Scouting Penn State's Day 3 Draft Possibilities

Who's left on Penn State's draft board? We break down the final day of the 2021 NFL Draft.
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Three down, four to go for Penn State in the 2010 NFL Draft.

Micah Parsons, Odafe Oweh and Pat Freiermuth were selected in the first two rounds, leaving Shaka Toney, Michal Menet, Will Fries and Lamont Wade as Penn State's remaining draft-eligible alumni.

Toney is all but certain to get drafted, and could be a steal for the right team. But what about Menet, Fries and Wade? Here's the scouting report, via NFL Draft Bible.

Michal Menet

Position: Center

Position rank: No. 10

Draft projection: Preferred free agent

Scouting report: Menet possesses sound technique, proper hand placement, and frequently generates force in the run game by locking his elbows when engaged with defenders. He gets out of his stance extremely fast, while demonstrating quick feet and natural athleticism. Menet struggles at times when climbing to second-level defenders, not for a lack of athleticism but because he takes poor angles to linebackers in space. Improvement in this area will be critical to Menet’s development at the next level.

In pass protection, Menet shows a high level of awareness. He constantly plays with his head and eyes up to protect both A gaps. He’s able to fluidly transition step when defenders cross his face along the interior defensive line. Menet is inconsistent when redirecting oncoming defenders, particularly when faced with a true nose tackle. Possesses the fundamentals, athleticism and skill-set to last at the next level, but his lack of elite size and length puts him on the draft bubble.

Will Fries

Position: Guard

Position rank: No. 19

Draft projection: Preferred free agent

Scouting report: A true mauler, Fries plays with extreme grit and power, oftentimes driving defenders through the ground. He possesses plenty of strength in his upper half and owns a thick lower half. When Fries sets his anchor, he’s tough to move off of his spot and holds his blocks well due to his vice grip on defenders. His upper body strength allows him to move defenders out of running lanes and create space for his running back to work into the second level.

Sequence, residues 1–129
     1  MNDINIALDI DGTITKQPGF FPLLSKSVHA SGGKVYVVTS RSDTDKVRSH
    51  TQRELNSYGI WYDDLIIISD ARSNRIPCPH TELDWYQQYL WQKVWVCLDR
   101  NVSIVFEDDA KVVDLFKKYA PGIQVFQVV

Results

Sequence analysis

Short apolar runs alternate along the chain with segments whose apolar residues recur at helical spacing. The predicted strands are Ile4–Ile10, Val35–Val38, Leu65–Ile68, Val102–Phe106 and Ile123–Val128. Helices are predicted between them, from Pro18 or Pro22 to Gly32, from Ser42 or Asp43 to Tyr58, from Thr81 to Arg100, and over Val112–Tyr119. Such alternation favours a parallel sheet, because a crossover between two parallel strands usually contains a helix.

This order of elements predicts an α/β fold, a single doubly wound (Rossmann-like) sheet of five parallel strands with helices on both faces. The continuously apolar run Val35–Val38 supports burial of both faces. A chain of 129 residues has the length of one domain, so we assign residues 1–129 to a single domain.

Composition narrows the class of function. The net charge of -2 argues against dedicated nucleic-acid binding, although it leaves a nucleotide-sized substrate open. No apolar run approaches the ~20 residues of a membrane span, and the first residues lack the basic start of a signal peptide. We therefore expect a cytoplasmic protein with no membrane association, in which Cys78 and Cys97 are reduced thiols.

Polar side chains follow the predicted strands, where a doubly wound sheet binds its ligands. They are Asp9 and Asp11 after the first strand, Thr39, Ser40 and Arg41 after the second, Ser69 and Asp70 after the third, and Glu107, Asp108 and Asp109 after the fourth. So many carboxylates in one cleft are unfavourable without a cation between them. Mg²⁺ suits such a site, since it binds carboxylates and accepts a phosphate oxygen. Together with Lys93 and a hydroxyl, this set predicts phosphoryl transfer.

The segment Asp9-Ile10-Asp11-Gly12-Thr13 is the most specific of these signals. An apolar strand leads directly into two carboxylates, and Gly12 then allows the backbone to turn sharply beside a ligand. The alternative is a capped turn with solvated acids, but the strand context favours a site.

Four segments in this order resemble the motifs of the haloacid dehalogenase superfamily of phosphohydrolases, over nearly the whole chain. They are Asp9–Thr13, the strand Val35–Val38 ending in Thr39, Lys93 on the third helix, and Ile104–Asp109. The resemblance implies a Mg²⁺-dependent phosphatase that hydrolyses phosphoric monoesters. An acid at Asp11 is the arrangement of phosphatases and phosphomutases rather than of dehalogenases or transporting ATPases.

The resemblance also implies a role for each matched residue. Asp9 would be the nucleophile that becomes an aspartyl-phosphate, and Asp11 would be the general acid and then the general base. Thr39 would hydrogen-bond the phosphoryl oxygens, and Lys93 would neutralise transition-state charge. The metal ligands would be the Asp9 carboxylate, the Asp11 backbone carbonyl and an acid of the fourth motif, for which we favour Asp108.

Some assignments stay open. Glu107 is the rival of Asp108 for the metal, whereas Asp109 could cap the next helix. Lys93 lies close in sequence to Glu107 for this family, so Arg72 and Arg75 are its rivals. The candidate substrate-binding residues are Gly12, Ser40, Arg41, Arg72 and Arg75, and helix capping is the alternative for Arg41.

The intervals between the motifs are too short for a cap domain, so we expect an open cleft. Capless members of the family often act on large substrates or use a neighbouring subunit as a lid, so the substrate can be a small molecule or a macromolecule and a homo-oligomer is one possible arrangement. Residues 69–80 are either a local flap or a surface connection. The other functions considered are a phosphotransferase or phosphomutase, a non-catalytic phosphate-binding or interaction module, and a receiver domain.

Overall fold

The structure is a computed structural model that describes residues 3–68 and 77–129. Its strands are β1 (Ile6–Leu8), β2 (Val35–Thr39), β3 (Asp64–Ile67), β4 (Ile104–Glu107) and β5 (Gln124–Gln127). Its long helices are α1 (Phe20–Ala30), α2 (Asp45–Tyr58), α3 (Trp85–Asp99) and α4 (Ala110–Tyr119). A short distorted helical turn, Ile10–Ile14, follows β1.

His most prolific trait is his ability to run block in the trenches. In addition, his strength to move defenders of all sizes can set him apart from some of the other Day 3 offensive line prospects. Fries’ ability to pass block is going to need refining at the next level. His technique isn’t quite up to par as you’d like to see from a redshirt senior. His hands and feet don’t always work in sync at the point of attack. He can find his hands in a spot that gives him strong leverage but his feet can go stagnant at times, which leaves him vulnerable to defenders. When Fries does get his feet moving, he tends to overset and find himself lunging, which puts him off-balance and in a vulnerable state. He’s not the most nimble or athletic offensive tackle in the draft and projects best as a guard. The fact that he has played all around the offensive line will bode well for his value as a utility swingman backup.

Lamont Wade

Position: Safety

Position rank: No. 20

Scouting report: A safety with the body of a cornerback, Wade is an interesting case study when it comes to defensive back play. He was utilized as a nickel for the Nittany Lions, but he doesn’t have the type of natural man-coverage ability that is valued at the position. He has decent urgency in the run game and will fight to make plays, although the lack of strength can make it tough to overcome blockers. His instincts and intelligence help to keep him alive from snap-to-snap and his range is acceptable when working on the back end.

Wade will need to improve his footwork and hand usage in man coverage if he is going to stay around as a nickel when he fits a training camp. The more natural position will likely be as a true safety who can avoid getting tangled up close to the line of scrimmage. Wade’s path to the 53-man roster will likely run through special teams, and if he can’t contribute early in that role, he may end up as a practice squad stash for the next couple years. With the right development, he could become a viable backup in the NFL, but the overall upside is only modest.

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